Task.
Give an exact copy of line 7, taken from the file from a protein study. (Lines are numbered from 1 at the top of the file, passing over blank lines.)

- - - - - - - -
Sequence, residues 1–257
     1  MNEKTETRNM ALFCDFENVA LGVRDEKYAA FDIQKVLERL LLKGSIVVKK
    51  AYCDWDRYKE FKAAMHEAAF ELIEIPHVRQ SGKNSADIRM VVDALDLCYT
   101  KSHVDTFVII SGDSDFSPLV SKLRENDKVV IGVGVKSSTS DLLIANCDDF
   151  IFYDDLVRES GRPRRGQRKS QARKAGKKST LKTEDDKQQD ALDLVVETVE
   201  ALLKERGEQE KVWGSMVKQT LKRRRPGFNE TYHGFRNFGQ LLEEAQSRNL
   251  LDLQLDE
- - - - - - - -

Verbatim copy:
   251  LDLQLDE